Updated in: 03 July 2020 - 22:03
TEHRAN (defapress) – If the death rate from the novel coronavirus doesn't drop soon, New York City could start digging trenches in a city park to temporarily bury the bodies of those who have died from COVID-19, a city councilman said.
News ID: 80751
Publish Date: 08April 2020 - 11:13

New York City May Dig Trenches in Parks to Bury COVID-19 Victims"This likely will be done by using a NYC park for burials (yes you read that right)," Mark Levine, the chair of the New York city council health committee, tweeted. "Trenches will be dug for 10 caskets in a line. It will be done in a dignified, orderly — and temporary — manner. But it will be tough for NYers to take."

He added, "The goal is to avoid scenes like those in Italy, where the military was forced to collect bodies from churches and even off the streets."

In a follow-up tweet, Levine clarified that the park burials were a "contingency plan" that would not have to be implemented if the death rate continues to overwhelm city resources.

The Italian military used trucks to transport "dozens of coffins" to cremation sites in the country from the city of Bergamo in northern Italy, the worst-hit city in the country, because local morgues could not handle the number of bodies. At least 15,000 people have died from the disease in Italy, according to Johns Hopkins researchers.

Aja Worthy-Davis, a spokeswoman for the NYC Office of the Chief Medical Examiner (OCME), however, said: "There is currently no plan to inter in city parks."

"As part of the wider surge plan, this is mentioned as a possible scenario. So I can't speak for him, but that might be the document he's citing," she told the Business Insider. "But at this point in time, there is no plan to inter at city parks. We currently have adequate space for decedents."

Gov. Andrew Cuomo similarly said he has "heard nothing about that”.

"I've heard a lot of wild rumors, but I've heard nothing about the city burying people in parks," Cuomo said during his daily press conference on Monday.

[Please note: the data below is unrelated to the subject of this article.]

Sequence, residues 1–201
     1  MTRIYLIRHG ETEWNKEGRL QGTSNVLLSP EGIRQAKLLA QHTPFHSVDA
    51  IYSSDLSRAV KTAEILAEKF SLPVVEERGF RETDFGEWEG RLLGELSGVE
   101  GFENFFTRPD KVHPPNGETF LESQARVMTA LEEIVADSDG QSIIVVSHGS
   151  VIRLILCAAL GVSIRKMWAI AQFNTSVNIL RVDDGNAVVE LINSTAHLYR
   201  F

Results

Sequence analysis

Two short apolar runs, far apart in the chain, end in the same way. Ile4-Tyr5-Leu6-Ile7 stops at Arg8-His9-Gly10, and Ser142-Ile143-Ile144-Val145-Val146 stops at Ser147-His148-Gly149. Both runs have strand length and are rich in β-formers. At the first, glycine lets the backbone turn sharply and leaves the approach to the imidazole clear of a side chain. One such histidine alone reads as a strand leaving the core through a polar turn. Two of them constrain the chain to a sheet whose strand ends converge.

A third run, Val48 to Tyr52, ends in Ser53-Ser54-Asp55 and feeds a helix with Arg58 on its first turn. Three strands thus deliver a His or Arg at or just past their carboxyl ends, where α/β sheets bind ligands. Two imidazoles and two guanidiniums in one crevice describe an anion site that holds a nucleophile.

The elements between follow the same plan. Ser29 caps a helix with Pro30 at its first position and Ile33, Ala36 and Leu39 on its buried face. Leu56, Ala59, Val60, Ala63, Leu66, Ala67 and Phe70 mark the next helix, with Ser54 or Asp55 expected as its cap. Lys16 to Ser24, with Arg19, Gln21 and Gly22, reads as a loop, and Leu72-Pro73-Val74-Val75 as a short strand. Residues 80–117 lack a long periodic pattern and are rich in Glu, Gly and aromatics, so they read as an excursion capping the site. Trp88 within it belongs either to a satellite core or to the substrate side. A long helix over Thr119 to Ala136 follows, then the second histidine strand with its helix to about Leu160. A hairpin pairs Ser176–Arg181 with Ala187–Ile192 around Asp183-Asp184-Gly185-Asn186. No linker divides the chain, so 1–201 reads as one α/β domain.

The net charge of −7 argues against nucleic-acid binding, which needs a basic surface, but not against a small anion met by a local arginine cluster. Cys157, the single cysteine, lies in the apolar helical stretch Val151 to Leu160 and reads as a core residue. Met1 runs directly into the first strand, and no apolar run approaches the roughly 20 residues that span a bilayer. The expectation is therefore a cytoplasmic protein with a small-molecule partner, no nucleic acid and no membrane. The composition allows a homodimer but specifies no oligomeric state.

In a series of tweets, Levine explained how the number of bodies has overwhelmed the city's hospitals, and warned that "the freezers at OCME facilities in Manhattan and Brooklyn will soon be full."

Worthy-Davis said OCME has provided 45 refrigerated 53-foot semi-trailer trucks to hospitals for added temporary storage, (not 80 as Levine had claimed). The trailers can store around 45 bodies each, and up to 100 if shelving is added.

In total, OCME has expanded its storage capacity from 900 in its morgues across the five boroughs of the city to more than 3,500. She noted that the Office of Emergency Management has also provided refrigerated trucks to hospitals.

"We're providing what is essentially a morgue extension so that decedents can be processed as quickly as possible and families can make arrangements they wish to make," Worthy-Davis said.

According to New York City's existing contingency plan for a "biological outbreak," which was created in 2008 over Bird Flu fears, prison labor would be used to dig mass graves to bury victims.

Inmates on Rikers Island would be transported to Hart Island to dig mass graves where the dead could be buried, and cremation efforts would be increased, according to a previous Business Insider report.

Worthy-Davis said the city is using Hart Island. "We continue to inter at Hart Island, which is the location of New York City's potters field. Some of those decedents are possibly COVID-19 decedents."

Levine did not mention Hart Island or prison labor but instead called for volunteers to help.

"As New York City continues to appeal to the nation for help, we need to ask not just for doctors and nurses and respiratory therapists," he tweeted. "We also need mortuary affairs staff. This is tough to talk about and maybe tough to ask for. But we have no choice. The stakes are too high."

"Deathcare" workers in New York City are "overwhelmed" by the number of bodies of people who have died from COVID-19.

"I don't know how many more bodies I can take," Patrick Marmo, a New York licensed embalmer based in Brooklyn, told Business Insider's Dave Mosher. "No one in the New York City area possibly has enough equipment to care for human remains of this magnitude."

Health and government officials have warned that the next two weeks could be particularly bleak as the number of deaths is expected to rise across the country, but particularly in hotspots like New York. The virus has infected more than 122,000 in the state of New York and killed at least 3,048 people in NYC.

"Nothing matters more in this crisis than saving the living. But we need to face the gruesome reality that we need more resources to manage our dead as well. Or the pain of this crisis will be compounded almost beyond comprehension," Levine tweeted.

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